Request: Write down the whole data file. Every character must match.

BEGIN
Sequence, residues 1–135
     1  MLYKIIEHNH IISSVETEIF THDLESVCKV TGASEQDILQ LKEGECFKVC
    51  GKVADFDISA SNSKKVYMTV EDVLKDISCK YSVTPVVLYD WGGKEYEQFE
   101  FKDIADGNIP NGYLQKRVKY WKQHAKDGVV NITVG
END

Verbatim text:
Sequence, residues 1–135
     1  MLYKIIEHNH IISSVETEIF THDLESVCKV TGASEQDILQ LKEGECFKVC
    51  GKVADFDISA SNSKKVYMTV EDVLKDISCK YSVTPVVLYD WGGKEYEQFE
   101  FKDIADGNIP NGYLQKRVKY WKQHAKDGVV NITVG